Diogo Serafim’s review published on Letterboxd:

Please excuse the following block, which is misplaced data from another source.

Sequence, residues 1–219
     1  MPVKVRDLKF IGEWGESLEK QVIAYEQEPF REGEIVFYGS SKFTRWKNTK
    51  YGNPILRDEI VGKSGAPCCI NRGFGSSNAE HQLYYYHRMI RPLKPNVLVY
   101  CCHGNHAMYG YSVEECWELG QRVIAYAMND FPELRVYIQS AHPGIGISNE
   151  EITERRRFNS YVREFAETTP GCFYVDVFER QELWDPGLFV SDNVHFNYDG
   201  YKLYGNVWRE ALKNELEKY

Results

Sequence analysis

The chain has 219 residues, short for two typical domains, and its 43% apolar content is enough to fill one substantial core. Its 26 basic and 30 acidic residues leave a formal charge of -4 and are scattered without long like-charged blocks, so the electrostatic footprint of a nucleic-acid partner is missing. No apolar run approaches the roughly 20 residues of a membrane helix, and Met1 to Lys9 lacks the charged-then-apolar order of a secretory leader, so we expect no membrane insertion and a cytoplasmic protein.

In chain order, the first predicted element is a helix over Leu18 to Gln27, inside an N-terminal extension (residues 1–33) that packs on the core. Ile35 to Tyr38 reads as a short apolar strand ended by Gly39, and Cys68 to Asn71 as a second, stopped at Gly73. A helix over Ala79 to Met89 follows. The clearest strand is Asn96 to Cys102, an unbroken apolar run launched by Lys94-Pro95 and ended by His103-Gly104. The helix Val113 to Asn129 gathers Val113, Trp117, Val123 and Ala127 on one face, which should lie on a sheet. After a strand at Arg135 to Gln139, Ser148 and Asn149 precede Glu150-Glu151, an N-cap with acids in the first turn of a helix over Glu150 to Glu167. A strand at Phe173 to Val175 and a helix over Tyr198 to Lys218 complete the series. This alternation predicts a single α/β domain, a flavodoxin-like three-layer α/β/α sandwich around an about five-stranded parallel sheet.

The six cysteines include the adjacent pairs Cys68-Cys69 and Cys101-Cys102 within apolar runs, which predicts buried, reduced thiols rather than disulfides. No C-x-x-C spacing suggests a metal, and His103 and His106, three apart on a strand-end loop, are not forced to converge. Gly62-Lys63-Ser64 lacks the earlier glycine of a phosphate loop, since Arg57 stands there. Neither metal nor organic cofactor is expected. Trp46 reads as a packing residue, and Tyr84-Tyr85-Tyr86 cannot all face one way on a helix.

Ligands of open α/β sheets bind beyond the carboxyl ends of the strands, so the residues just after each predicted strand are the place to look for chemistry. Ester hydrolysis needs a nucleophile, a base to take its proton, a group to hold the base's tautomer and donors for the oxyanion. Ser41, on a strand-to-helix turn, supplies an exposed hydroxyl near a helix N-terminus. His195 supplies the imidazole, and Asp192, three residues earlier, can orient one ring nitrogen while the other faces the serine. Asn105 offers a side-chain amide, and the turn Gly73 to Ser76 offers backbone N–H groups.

North american tale of blood and individualism. Family, violence and money. A systematic approach towards realism unfolding a structure that is so objective in its portrayal of social dynamics and so harsh in its dramatic articulations. The cracked humour is excellent and all three main characters are simply great, reaching some of the most thrilling and suspenseful confrontations I’ve seen in a while after the main heist and during its final conflict. That ocre light, the smell of concrete and splashed organs on the pavement, burning tires and twisted metal, honor as a modulation of pride, beyond good and evil is mostly evil, but even so the film seems somehow even more telling than it would with a more humane approach. Zahler manages to be so physically direct and merciless with his relentless exposure of ugliness and prejudice while keeping the film’s matter so full of great small touches, truly a gem.